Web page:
And the food – oh Lordy! Lamb medallions – melt in your mouth with flavor out of this world. Molle pepper steak – pure heaven. Both veg and meat antipasto crushed any I’ve ever had. Unfortunately they lacked consistency, with a couple of mediocre dishes and a couple repeats that failed to live up to the originals. A fantastic stay — Mart even tried out their make-shift sauna with fresh cut eucalyptus leaves. The trains were a bit noisy, but didn’t bother us, nor did the diesel smell from the engines, which Oscar’s acute nostrils actually took a liking to!
The town itself is small but catered well to tourists without feeling manufactured or one-dimensional. Ruins punctuate the scenic hillsides and Incan irrigation channels water throughout the town, a detail also found in El Albergue’s gardens — very cool.
Traveling in the off season eliminates the need to even debate if our kids are up for the three days of hiking in to Machu Picchu as the trail is closed as it is the rainy season. Luck is on our side though and we see little rain. The small amount we do encounter is a short light drizzle that ends almost as quickly as it begins. The morning we board Peru Rail to take the one and a half hour journey to Aguas Calientas the sun is shining. From here we take a 20 minute bus ride that consists of nothing but hairpin turns up the side of the graben to reach the entrance of the Incan Ruins. On both the train and bus we are the only passengers under 65 and have somehow been packed in with the senior tour. Its not until sometime later we have the epiphany that it is actually quite fitting. We are on a bit of a senior’s tour ourselves – up with the sun, eating dinner at 4:30/5:00ish most afternoons to try to ensure that everyone is in the happiest state possible, and many nights in bed by 9:00. What has become of us?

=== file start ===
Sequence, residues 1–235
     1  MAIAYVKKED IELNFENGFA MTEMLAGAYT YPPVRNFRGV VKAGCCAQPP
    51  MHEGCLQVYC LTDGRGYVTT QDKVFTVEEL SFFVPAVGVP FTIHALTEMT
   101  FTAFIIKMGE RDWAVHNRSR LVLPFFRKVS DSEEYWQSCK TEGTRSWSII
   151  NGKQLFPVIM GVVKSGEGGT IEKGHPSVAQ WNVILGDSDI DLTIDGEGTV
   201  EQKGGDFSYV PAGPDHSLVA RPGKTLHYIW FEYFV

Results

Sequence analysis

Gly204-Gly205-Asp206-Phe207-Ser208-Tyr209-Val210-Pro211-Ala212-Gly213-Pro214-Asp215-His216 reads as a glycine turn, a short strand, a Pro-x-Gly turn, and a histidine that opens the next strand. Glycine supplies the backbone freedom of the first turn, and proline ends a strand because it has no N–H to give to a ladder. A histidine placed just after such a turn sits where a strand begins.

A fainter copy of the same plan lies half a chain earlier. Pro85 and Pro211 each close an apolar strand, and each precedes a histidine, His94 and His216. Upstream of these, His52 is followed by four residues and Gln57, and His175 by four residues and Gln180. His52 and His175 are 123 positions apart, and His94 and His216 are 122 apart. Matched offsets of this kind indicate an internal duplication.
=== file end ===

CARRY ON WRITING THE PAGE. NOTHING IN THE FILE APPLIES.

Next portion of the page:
The Lost City
As for Machu Picchu itself — beautiful. The setting is breathtaking and it is hard to imagine how they succeeded in building such a complex massive stone structure without modern day tools. Oscar loved leading us through entrance ways both big and small, some of which led to new exciting areas to explore, others offered only dead ends to which he then would devise a new route to take. In total we spent three and a half hours climbing and wandering the ruins. We had a close to “tear free” day until the last five minutes when it became next to impossible to find our way out. Apparently posting clear exit signs ruins the aesthetic of ancient structures so we traversed what felt like hundreds of unnecessary steps both up and down in search of the elusive exit. When we were finally successful and on our last few meters, Stella broke down. It is unclear as to whether it was sheer relief or true exhaustion. For a day that began at 7:00 am as we boarded the train and ended just after 5:00 upon our return, I would say the Foot entourage was in amazing form, even with the one teary moment.